SH: Started to shut down here and a lot of businesses were forced to if not

SH: Pull back completely shut down. So you got march to mid April April to mid May and our, you know, just coming out now in June, companies are in mid June late June now early July. Actually, you look at three months. Number one was

SH: Fear, what the heck is going on here. I don't know what's going to happen with the rest of my life. Number two is okay, I've come to grips with this isn't going to change.

SH: But I have to change. And so there's this question of what I need to do. And the third month was I think I've got this

SH: A lot of companies have it's taken that cycle. And as we supposedly come out of this and look at what and I hate that term new normal. You know what, there's no such thing as a new normal either it's normal, it's not normal.

SH: And what's happening in the future is going to be normal for the future. What happened in the past is normal. You know, the good old days, by the way, were just three and a half months ago. You know, when everything was normal.

JG: : You know, I was, you know, in the good old days, meant that, you know, I might

JG: You know, be bummed out about the traffic on the way to the game complain about the traffic. I love to complain about the traffic on the way to a baseball game right now.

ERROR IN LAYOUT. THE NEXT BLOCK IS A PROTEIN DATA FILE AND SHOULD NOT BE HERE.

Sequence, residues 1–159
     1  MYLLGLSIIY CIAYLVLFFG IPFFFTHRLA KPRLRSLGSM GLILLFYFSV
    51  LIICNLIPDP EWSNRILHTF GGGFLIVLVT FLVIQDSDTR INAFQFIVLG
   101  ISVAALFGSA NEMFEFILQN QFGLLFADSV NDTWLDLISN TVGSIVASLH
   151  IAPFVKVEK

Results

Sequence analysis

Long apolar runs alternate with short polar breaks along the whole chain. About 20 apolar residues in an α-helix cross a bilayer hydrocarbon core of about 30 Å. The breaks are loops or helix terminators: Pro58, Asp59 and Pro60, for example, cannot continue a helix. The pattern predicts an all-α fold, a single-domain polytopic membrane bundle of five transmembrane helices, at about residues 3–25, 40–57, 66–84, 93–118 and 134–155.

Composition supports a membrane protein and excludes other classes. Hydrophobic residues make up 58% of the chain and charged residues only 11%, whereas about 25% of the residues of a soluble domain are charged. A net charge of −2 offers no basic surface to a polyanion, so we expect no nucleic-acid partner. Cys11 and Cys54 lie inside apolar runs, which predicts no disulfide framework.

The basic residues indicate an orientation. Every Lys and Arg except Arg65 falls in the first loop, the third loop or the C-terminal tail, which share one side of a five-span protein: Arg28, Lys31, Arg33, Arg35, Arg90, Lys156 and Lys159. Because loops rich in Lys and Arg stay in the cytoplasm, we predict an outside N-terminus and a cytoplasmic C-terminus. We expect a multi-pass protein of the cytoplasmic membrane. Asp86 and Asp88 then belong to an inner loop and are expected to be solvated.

JG: About this I complain that I didn't get my free upgrade on my airline. I had to sit in the back between two big guys named Bubba. I would love

JG: To be sitting between two guys named Bubba on my way to that speaking engagement with 1000 people in a conference room in Las Vegas.

JG: But those were the good old days, and we're going to have days that are just as good if not even better coming out as we as we go back into

JG: You know, the, what we would say the business that we can anticipate what happened. Here's the thing. I perspectives have changed a little bit.

JG: Can that be a positive out of this. There have been a lot of positives. There have been a lot of opportunities. I think it's all there for people. You do have to work for it. I know for myself, personally.

JG: I’m a different person today. And some of that has to do with having been out of, out of work at a time when I should have been, you know, back covering baseball. But some of the just seeing things differently are you Seeing the same.

SH: I think what happens is anytime there's a crisis of any type. This was a pandemic and a terrible crisis, it, it puts your personality.

SH: Under a magnifying glass. So we can look at it, you know, because I work with companies, the companies that would normally do good things for